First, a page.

September 30, 2010 – "How to Conserve a Large Tropical Wildland Through Biodiversity Development: Costa Rican Example"
Daniel H. Janzen, Thomas and Louise E. DiMaura Professor of Conservation Biology, University of Pennsylvania
Tropical conservation is deeply embedded in the protocol called "buy it or decree it, attempt to protect it with park guards, and engage in a wide variety of confrontations with a ravenous society". Some element of this protocol is a reasonable ingredient in the beginning of conservation for any particular place, but if that is all that happens, the unpleasant truth is that we are not talking perpetuity. The bad guys always win. One night stands, no matter how emotionally pretty, are just that. Somehow, the conserved wildland has to move into complex satisfaction of multiple agendas across multiple social sectors -- the diverse portfolio approach to risk management and being dependent on variable markets. The bank guard is not what makes a bank successful. This tailor-made biodiversity development of a specific conserved wildland can and must be multifaceted as are universities, health systems, communication systems, and other things we all want to last indefinitely. It will be expensive and the expense must be balanced by generation of goods and services. Parasitic systems do not survive. Costa Rica's Area de Conservacion Guanacaste has survived 25 years of evolving into this protocol for its own survival, and is meant to be a transparent example.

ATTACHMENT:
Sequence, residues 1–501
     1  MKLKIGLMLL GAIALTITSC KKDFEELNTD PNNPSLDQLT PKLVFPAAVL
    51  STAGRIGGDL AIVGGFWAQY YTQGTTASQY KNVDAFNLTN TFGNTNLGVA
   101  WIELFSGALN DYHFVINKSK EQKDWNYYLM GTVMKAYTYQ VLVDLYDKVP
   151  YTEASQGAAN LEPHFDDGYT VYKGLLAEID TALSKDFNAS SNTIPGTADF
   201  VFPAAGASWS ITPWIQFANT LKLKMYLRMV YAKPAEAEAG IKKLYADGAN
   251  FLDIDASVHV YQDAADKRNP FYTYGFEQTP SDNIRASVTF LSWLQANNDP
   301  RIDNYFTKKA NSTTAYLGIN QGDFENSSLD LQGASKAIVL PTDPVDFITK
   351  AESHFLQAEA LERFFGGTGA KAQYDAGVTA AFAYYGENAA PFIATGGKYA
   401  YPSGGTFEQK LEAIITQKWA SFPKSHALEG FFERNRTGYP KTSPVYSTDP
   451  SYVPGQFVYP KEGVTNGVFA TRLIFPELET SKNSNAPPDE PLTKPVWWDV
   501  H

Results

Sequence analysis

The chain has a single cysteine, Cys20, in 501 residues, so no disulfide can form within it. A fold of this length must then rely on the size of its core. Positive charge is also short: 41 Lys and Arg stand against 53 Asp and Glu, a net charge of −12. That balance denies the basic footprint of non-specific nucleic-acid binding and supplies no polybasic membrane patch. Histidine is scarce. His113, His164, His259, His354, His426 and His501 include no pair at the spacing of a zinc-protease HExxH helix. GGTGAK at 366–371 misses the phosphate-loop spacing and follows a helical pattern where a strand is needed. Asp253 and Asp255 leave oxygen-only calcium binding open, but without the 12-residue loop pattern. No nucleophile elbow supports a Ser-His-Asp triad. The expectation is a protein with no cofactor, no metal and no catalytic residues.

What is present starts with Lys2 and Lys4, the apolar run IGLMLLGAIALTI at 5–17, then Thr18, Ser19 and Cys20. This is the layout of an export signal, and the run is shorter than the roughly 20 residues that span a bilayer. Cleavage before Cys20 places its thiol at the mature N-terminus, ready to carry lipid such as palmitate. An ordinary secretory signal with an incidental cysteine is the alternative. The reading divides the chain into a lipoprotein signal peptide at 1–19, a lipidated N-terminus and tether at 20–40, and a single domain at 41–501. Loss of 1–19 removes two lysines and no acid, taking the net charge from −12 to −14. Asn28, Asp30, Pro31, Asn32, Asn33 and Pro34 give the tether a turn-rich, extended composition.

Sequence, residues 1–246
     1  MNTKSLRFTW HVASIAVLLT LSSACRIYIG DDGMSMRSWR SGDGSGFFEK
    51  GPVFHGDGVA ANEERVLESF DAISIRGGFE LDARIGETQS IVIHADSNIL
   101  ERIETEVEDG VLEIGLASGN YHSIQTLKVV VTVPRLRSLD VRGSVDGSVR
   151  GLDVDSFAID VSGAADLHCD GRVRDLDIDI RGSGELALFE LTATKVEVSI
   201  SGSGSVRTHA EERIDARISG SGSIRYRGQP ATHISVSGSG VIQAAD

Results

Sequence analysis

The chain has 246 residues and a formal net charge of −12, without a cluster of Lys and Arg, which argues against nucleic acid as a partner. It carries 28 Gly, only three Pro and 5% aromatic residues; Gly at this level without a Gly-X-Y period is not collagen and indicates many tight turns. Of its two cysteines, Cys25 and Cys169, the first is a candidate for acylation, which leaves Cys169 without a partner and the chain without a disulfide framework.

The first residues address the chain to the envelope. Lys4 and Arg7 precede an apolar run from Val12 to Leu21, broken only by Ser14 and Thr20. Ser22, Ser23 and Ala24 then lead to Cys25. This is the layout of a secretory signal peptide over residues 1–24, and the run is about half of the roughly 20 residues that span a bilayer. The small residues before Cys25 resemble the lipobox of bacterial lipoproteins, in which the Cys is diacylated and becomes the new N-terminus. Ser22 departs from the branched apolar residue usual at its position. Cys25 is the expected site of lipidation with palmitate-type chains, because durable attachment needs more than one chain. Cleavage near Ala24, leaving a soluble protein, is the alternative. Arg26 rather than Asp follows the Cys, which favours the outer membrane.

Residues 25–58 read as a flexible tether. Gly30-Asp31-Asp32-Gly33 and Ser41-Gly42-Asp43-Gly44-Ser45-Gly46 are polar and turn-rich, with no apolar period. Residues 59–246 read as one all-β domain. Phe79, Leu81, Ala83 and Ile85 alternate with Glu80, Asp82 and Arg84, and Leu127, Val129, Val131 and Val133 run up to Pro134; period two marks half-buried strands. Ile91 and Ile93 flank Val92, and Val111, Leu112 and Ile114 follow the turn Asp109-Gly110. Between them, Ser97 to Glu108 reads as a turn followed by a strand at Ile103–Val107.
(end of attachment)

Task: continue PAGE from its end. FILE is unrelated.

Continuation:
Dr. Daniel H. Janzen (PhD) is the Thomas G. and Louise E. DiMaura Professor of Conservation Biology at the University of Pennsylvania. A member of the US National Academy of Sciences, he has received the MacArthur Fellowship, the Crafoord Prize, and the Kyoto Prize for his work in tropical biology and conservation. Janzen and his wife Dr. Winnie Hallwachs were instrumental in restoring the Area de Conservacion Guanacaste, and have been working for the last 25 years to expand and endow it in perpetuity.